That drinking and irrigation could have been made available within one decade, to both Kutch and Saurashtra, through decentralised means, is now established by the successful experiments that innovative panchayats and non-governmental organisations (NGOs) have carried out. That alternative, decentralised, peaceful means of development of agriculture, industries, and energy, is possible and feasible has also been demonstrated by village communities and NGOs time and again. Several sensitive government officers too have shown that this is possible. It does not require grandiose and unviable projects such as the SSP to bring the people of Kutch and Saurashtra out of their misery. It requires innovative, participatory development processes. It does not require huge amounts of foreign funds, tying the country into ever-tighter knots of debt. To bring about true development it only requires small amounts, provided the people are truly involved in decentralised planning and implementation. Look at the change that villagers and one NGO, Tarun Bharat Sangh, have brought about in 600 villages of arid Rajasthan through a network of small johads (check dams). That is the kind of development that the NBA advocates.
The NCCL's demand must also be seen in the context of the increasing attacks on legitimate people's movements across the country. It is perhaps not a coincidence that these have significantly increased since the early 1990s, when the government embarked on the path to 'globalisation'. Such a path requires easy access to natural resources and cheap labour for the global forces of industry and capital. The price is paid by those people who are mostly dependent on such resources, and those who live closest to the land. The firing on Adivasis at Kashipur (Orissa), who were trying to protect their lands and forests against multinational mining interests supported by the state (Frontline, January 19, 2001); the killing of Col. Pratap Save who was leading local people against an unjustified port at Umbergaon (Gujarat) (Frontline, July 7, 2000); the shooting of several activists who resisted displacement by the proposed Koel Karo Dam in Jharkhand (Frontline, March 16, 2001); the enactment of the Madhya Pradesh Special Areas Security Act to ban all public protests and people's groups that the state considers a threat; all point to a tendency for the state to favour the elite industrial and urban sections that benefit from globalisation, against those millions who lose their livelihoods from it.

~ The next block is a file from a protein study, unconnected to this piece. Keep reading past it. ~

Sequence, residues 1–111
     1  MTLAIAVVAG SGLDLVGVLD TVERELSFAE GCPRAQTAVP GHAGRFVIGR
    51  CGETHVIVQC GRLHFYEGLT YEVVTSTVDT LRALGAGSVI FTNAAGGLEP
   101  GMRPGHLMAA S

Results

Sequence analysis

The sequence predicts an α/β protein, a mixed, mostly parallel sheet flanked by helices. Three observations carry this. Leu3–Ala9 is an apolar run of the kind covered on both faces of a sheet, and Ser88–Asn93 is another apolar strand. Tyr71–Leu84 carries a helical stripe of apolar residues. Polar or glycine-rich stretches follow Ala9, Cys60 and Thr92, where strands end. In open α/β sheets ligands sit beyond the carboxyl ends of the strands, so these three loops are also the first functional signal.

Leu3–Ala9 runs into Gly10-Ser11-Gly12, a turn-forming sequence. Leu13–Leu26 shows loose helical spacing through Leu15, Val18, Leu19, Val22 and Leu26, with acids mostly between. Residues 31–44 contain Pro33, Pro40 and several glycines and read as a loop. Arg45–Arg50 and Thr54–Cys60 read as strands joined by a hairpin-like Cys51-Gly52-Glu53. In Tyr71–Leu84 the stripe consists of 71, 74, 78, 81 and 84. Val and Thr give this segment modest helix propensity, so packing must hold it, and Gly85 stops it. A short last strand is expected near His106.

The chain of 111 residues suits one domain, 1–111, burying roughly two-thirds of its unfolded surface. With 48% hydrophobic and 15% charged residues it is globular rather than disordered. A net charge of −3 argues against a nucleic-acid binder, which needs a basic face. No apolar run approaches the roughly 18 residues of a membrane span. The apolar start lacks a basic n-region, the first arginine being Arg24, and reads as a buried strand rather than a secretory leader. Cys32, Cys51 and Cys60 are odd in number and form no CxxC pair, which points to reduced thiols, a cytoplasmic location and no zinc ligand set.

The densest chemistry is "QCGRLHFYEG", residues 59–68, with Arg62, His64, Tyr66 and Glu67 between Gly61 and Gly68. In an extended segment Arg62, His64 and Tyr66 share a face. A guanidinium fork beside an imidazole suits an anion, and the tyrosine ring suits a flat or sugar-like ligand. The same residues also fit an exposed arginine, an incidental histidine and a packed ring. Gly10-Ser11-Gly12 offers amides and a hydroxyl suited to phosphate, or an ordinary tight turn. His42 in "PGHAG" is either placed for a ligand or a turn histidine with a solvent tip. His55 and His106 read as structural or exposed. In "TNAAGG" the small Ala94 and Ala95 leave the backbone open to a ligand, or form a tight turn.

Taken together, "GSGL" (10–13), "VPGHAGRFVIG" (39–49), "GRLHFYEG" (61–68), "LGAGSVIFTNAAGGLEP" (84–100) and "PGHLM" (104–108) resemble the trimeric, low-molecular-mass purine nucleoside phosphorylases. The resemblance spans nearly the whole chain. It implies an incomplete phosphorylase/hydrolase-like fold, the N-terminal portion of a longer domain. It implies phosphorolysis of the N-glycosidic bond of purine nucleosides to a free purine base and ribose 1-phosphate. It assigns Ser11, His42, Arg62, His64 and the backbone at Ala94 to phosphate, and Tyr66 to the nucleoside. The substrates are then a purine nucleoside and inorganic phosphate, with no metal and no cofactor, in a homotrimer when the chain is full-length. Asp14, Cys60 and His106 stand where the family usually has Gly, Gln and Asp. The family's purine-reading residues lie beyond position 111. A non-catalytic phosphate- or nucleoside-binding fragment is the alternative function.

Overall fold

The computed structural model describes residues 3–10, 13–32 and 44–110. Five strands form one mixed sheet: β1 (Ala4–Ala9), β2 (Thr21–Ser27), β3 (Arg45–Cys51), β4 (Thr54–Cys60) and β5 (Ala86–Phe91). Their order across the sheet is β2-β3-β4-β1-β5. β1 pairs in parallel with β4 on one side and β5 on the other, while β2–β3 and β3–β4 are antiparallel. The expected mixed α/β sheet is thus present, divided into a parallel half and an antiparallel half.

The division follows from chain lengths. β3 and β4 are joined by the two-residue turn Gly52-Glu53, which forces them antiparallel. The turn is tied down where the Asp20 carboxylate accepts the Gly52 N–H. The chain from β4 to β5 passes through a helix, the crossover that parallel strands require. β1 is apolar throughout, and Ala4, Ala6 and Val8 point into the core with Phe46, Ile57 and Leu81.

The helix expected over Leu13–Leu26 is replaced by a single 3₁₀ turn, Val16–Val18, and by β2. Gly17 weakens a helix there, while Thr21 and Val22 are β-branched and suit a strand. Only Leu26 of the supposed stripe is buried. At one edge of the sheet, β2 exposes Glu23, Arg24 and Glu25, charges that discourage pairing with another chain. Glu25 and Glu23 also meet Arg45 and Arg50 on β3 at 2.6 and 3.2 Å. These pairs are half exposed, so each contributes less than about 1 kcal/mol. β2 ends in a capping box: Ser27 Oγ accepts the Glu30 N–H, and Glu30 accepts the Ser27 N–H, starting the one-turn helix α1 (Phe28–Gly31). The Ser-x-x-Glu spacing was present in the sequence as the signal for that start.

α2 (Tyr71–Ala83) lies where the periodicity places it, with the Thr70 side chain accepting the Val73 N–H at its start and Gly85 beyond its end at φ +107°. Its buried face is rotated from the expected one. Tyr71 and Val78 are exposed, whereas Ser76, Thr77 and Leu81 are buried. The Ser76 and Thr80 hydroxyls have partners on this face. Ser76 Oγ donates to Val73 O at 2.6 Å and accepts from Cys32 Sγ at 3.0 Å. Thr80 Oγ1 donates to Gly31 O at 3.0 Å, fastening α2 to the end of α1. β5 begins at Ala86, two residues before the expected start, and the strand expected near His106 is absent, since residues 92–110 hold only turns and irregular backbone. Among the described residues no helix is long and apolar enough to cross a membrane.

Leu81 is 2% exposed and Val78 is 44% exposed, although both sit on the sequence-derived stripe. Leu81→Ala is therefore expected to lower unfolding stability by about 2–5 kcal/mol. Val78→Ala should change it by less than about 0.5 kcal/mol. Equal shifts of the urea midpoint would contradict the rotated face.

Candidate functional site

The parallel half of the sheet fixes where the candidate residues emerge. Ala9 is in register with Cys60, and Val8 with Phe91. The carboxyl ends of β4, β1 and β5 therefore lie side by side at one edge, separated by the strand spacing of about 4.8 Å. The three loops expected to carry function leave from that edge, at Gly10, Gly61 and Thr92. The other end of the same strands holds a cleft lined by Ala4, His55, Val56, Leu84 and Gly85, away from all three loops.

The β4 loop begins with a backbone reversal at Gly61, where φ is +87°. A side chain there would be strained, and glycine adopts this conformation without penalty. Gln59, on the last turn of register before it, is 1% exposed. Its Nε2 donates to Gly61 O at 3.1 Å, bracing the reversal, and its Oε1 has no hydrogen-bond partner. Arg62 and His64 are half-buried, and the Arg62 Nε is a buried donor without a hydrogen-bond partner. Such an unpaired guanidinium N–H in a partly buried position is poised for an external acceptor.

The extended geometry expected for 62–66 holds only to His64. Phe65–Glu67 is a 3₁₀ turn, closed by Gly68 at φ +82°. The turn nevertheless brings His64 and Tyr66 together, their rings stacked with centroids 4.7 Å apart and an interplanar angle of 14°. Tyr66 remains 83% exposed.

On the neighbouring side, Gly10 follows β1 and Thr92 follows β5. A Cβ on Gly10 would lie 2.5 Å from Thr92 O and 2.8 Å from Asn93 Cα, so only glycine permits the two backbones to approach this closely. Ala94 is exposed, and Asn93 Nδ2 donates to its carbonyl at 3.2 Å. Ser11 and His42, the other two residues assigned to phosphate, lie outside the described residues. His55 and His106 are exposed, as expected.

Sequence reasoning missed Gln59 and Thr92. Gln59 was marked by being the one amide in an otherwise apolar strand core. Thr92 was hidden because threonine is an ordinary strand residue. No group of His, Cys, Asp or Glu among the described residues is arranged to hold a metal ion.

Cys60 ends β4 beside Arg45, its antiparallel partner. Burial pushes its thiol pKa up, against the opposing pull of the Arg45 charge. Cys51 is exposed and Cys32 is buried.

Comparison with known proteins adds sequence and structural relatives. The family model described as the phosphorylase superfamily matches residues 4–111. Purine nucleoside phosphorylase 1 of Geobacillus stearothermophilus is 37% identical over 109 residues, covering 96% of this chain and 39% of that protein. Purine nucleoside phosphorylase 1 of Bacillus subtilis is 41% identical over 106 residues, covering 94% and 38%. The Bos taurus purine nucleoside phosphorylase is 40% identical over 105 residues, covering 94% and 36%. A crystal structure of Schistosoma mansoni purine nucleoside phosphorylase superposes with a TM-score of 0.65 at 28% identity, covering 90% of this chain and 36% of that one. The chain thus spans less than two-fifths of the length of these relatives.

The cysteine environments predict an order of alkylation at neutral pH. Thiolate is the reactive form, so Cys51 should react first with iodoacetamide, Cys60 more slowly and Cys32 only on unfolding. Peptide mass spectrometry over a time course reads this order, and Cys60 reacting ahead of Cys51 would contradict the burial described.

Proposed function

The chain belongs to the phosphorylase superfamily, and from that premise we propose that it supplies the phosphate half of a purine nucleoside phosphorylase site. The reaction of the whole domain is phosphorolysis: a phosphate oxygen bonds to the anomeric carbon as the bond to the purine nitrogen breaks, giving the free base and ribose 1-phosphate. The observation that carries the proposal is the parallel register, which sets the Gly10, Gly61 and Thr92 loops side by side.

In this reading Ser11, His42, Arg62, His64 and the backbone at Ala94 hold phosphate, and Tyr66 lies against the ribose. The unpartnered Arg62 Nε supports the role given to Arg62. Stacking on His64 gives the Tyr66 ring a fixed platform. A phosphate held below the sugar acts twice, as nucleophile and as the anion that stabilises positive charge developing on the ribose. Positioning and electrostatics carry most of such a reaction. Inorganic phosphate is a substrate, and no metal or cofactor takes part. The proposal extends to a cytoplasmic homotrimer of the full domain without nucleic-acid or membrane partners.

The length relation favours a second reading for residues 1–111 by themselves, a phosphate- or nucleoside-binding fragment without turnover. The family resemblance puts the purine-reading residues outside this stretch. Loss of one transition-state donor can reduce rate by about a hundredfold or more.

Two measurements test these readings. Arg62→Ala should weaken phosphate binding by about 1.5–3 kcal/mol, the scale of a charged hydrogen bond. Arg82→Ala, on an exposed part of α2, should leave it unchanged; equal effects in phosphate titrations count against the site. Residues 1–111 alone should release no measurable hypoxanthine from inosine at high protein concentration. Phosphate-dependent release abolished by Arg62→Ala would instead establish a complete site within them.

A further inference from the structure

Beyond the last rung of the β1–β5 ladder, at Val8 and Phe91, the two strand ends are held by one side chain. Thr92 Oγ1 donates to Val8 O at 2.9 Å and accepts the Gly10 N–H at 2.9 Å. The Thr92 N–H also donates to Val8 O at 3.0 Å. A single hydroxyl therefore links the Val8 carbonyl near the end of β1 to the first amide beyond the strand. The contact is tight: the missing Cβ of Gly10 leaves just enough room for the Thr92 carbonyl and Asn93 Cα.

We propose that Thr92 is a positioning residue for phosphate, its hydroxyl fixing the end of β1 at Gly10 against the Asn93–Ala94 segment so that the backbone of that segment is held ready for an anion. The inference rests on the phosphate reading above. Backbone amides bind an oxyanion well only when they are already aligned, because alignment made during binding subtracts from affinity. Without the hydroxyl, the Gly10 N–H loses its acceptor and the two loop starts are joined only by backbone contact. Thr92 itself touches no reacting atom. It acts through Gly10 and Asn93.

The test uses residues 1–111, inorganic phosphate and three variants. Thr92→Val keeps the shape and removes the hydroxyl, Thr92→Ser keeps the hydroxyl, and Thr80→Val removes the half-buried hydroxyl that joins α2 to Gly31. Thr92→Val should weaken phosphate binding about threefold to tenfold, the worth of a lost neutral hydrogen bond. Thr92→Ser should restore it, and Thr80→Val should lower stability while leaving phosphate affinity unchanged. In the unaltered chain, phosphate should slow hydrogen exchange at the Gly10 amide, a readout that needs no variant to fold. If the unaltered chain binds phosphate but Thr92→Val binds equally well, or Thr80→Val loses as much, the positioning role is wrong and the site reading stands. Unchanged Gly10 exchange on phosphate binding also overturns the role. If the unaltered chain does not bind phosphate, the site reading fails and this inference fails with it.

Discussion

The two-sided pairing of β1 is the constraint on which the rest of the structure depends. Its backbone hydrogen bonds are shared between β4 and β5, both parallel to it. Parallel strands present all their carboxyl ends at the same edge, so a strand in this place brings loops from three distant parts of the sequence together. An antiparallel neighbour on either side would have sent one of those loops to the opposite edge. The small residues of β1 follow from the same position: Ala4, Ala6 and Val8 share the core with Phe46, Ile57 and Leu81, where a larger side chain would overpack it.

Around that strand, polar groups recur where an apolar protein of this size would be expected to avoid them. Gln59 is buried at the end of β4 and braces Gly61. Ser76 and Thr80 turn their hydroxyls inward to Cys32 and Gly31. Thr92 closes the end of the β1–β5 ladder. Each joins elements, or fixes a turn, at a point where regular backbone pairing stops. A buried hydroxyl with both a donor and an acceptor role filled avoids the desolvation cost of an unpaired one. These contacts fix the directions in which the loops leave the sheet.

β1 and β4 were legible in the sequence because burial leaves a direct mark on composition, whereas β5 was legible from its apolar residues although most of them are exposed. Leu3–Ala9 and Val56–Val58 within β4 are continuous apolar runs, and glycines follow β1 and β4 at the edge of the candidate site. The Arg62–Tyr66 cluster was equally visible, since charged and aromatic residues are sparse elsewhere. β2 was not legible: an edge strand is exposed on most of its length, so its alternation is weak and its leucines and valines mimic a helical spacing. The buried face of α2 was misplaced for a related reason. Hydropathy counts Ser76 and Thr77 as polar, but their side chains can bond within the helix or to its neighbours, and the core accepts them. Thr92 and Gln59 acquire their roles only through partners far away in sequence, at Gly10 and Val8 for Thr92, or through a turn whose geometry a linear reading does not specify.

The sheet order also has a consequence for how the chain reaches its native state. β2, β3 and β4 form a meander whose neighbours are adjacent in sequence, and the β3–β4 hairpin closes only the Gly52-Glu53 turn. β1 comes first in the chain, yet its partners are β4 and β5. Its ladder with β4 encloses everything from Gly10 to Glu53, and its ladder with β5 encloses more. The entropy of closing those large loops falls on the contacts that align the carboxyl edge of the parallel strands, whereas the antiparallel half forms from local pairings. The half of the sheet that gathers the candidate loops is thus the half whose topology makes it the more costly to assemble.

Finally, the NCCL demand shows a certain desperation. It is an outcome of the realisation that the NBA has people's power behind it. If not, why would anyone bother to ask for a ban on an organisation that the State governments, the Central government, and even the Supreme Court, have turned a deaf ear to... and which has not turned to the gun to make itself heard?
Ban the NBA. Ban the National Fishworkers Forum, comprising millions of fisherfolk asking for a halt to the commercialisation and privatisation of India's marine areas. Ban the National Alliance of People's Movements. Ban these and all other such people's movements, the true voices of the people at the grassroots. But if indeed the Indian government heeds voices like the NCCL's, it does so at the peril of being called another colonial state, over half a century after the sceptre of colonialism was supposedly vanquished from the country. And at the inevitable peril of being overthrown, as was the earlier colonial power. If on the other hand the government has an iota of wisdom and prudence left, it will ask NCCL and its supporters to go packing.
The NBA has filed a criminal suit against V.K. Saxena of the NCCL and served a legal notice to Jamuna Devi. One hopes that the courts will have the honesty and courage to prosecute these self-styled upholders of morality and expose them.
Ashish Kothari is a founder-member of Kalpavriksh, and currently coordinating the technical core group formulating India's National Biodiversity Strategy and Action Plan.